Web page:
exercise and health

“If we could give every individual the right amount of nourishment and exercise, not too little and not too much, we would have found the safest way to health.” – Hippocrates

“The people who have strong immune systems have a far better chance of fighting off any type of disease or virus than someone who does not follow those principles.” – Steve Collett, Exercise Physiologist and Health Coach

It’s not news to anyone now that the world is dealing with a pandemic of COVID-19, a novel coronavirus that apparently originated in China late last year. While the pandemic is certainly not unprecedented, the global response most certainly is.

Stay Safe While Keeping Fit

While there’s no shortage of media reports regarding coronavirus and COVID-19, there are still many questions as the pandemic itself progresses and different people confront different issues.

And this includes exercise and working out. Heart.org, for example, notes that, “As people are advised to stay home and as the list of gathering places being closed to limit the spread of the coronavirus grows, people might find themselves shut out of their gym, or choose not to go.

But that doesn’t mean they should give up on the idea of fitness entirely, trainers say.

And people who do find places to work out in the weeks ahead will want to be aware that gyms can be germy – and they should take steps to protect themselves.

First things first: Older adults and people with heart disease, diabetes or lung disease face a heightened risk of serious complications from the coronavirus. The Centers for Disease Control and Prevention says people in those groups should make sure they keep their distance from other people and stay home as much as possible.”

In fact, it is a common understanding that it is vital to keep your immune system strong and optimized with adequate sleep, good nutrition and sufficient exercise. And, if you do happen to experience flu-like symptoms, it doesn’t necessarily mean you’ve contracted COVID-19.

According to one article, “If you are generally healthy, you don’t necessarily need to get tested for confirmation. Just ensure you stay home, get plenty of rest and stay hydrated. Use appropriate over-the-counter medications to lower your fever and help with body aches or headaches. You can generally expect to start getting better within a week, though some patients can have residual symptoms like cough that can linger on for up to a couple of weeks.”

This is not to minimize or trivialize the potential threat of COVID-10, but the overwhelming data points to the vast majority of sufferers either experience mild or no symptoms, or certainly recover after a period of illness.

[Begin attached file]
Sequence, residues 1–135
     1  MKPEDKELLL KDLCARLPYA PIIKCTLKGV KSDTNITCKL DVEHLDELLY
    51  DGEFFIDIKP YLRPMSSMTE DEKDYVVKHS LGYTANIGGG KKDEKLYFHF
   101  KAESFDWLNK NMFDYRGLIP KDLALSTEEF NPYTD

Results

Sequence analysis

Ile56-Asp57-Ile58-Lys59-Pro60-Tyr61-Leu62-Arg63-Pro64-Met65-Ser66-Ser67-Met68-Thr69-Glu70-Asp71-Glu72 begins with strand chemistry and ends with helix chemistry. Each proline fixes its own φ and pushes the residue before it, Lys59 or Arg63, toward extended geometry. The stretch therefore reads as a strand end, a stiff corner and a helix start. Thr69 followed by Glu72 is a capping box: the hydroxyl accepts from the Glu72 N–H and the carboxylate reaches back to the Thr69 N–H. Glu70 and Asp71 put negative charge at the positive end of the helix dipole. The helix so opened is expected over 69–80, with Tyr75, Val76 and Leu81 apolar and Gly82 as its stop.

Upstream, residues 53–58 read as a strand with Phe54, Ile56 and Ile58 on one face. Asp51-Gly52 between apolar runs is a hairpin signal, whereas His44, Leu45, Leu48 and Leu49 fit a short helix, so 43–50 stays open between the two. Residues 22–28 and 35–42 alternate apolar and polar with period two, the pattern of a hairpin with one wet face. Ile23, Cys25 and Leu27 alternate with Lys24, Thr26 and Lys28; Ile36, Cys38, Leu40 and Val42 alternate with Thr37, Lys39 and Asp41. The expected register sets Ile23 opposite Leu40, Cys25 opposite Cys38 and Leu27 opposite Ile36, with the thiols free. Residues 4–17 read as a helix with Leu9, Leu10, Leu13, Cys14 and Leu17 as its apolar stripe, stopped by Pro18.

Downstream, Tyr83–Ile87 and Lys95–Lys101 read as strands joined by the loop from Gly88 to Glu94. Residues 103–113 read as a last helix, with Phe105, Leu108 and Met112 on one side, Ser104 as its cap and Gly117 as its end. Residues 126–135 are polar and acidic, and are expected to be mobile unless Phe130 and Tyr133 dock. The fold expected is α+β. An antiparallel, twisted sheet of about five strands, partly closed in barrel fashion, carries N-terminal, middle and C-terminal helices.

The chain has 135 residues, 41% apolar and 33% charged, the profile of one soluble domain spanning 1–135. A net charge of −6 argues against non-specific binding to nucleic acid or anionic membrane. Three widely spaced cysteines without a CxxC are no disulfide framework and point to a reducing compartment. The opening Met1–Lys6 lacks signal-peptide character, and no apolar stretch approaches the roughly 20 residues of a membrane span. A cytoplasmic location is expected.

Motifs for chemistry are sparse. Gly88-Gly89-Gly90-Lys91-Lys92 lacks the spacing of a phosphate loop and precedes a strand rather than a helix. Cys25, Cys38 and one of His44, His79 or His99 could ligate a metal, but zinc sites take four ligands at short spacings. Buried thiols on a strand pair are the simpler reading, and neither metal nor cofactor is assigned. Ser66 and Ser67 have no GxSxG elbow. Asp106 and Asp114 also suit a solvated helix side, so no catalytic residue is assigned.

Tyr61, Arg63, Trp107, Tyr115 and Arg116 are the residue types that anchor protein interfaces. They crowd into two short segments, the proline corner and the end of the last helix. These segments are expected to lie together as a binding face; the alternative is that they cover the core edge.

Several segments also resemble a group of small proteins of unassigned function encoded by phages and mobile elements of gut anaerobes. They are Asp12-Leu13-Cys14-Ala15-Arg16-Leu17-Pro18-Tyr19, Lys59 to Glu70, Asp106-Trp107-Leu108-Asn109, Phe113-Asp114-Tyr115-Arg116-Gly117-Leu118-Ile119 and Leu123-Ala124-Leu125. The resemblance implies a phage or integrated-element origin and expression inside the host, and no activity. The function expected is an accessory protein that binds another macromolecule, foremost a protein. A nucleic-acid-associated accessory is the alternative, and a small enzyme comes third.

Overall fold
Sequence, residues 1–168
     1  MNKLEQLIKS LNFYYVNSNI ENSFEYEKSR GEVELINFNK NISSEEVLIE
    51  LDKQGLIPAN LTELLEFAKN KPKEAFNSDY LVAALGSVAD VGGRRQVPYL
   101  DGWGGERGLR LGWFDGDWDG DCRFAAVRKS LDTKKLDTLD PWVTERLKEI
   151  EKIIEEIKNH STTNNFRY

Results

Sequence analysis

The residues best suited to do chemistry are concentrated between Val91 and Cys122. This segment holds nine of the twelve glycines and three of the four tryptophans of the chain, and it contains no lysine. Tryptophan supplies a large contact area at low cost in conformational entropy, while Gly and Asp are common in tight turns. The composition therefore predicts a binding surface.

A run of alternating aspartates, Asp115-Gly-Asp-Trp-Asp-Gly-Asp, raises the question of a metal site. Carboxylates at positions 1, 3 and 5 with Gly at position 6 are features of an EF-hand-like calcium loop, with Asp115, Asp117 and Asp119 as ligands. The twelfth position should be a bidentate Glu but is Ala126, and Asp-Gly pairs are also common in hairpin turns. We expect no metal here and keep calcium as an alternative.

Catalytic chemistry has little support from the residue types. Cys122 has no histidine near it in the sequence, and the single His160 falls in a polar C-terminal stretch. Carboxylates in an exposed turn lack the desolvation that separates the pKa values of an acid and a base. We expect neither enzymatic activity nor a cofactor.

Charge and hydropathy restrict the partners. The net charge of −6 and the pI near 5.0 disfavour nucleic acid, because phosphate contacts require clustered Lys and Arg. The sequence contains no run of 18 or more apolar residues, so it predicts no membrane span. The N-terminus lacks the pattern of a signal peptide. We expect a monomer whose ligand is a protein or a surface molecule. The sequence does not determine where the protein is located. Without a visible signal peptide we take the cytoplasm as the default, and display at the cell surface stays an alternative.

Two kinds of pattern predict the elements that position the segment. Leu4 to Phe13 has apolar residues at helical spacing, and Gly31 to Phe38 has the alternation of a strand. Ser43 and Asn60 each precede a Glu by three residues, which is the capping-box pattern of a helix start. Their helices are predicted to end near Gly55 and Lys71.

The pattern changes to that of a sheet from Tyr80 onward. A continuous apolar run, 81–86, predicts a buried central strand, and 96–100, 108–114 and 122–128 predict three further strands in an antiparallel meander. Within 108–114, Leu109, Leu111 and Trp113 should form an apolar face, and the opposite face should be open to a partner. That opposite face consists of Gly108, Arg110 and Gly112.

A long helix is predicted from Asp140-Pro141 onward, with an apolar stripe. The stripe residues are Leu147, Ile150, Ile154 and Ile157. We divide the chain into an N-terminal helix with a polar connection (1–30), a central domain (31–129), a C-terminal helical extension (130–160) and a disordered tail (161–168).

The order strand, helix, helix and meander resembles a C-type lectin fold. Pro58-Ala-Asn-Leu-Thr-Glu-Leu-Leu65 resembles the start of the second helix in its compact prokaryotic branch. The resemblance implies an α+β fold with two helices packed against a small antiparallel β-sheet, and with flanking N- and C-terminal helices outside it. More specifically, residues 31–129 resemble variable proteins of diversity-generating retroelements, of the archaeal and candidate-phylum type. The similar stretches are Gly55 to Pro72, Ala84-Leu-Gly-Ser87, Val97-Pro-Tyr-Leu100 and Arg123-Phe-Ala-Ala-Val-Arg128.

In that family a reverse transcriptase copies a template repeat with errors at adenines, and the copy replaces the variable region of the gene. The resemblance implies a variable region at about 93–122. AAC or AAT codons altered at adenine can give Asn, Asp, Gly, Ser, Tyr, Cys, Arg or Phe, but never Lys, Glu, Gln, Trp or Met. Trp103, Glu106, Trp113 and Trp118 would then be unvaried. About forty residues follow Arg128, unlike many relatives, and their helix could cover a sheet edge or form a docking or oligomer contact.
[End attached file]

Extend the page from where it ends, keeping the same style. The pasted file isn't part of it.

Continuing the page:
Not the World’s First Rodeo

Emotional stress is directly tied to physical health, and these are stressful times. However, despite the media barrage of dire proclamations of a viral apocalypse, we’ve suffered from far worse.

During the years of 1918 to 1920, the Spanish Flu infected almost 3,000,000 Americans and killed between 500,000 and 675,000 people, or .55 of the population.

Much more recently, in 2009-2010, the flu season brought us H1N1, or the Swine Flu. The CDC estimated there were 60.8 million cases of H1N1 virus during that time, with more than 274,300 Americans hospitalized, and almost 12,500 deaths in the United States due to the virus.

By comparison, as of March 18, 2020, the total deaths from COVID-19 only numbered about 160. The figures varied depending on a number of factors and some estimates were as low as only 97 officially confirmed fatalities in the U.S. as of that date.

On March 16, the CDC stated that a total of 4,226 COVID-19 cases had been reported in the United States, with reports increasing to 500 or more cases per day since March 14, 2020.

Again, this is not to minimize or downplay the threat of COVID-19, especially to those who are over 70 or have existing conditions that make them more susceptible and vulnerable. In fact, as of the time of this post, the vast majority of those showing up sick with the coronavirus are in the 65 to 74 year old age range. However, it may be surprising to many that the second-largest group of COVID-19 victims are in the 20 to 44 range.

Unfortunately for those between 65 and 75, the fatality rate has hovered around 2.7 to 4.9 percent compared to just 1.4 to 2.6 for the 20 to 45 year olds. And, tragically, the most likely to die from COVID-19 are those over the age of 85, with somewhere between 10 to 28 percent mortality.

Staying Healthy and Pain-Free

Are you in pain after working out? It may well be that you really are “overdoing it.” We invite you to call for an appointment and, during your initial consultation and assessment at Pain and Performance Solutions, we will learn all we can about your present pain and condition, along with any history of discomfort, as well as your current level of activity.

Treating and relieving your pain starts once we understand where and how your pain started. A full examination will help us determine which form of treatment is best suited to get you on your road to recovery. Your trust in us is key, as is your honesty. Ultimately, getting your body healthy and working properly is the only way to achieve total recovery. Our goal is to work through the sequence of pain and dysfunction in order to get your body healthy and working properly and to achieve total recovery. Don’t hesitate to reach out. We are here to help and will answer any questions that you may have. You can reach us at (707) 636-4404 or by filling out our online contact form.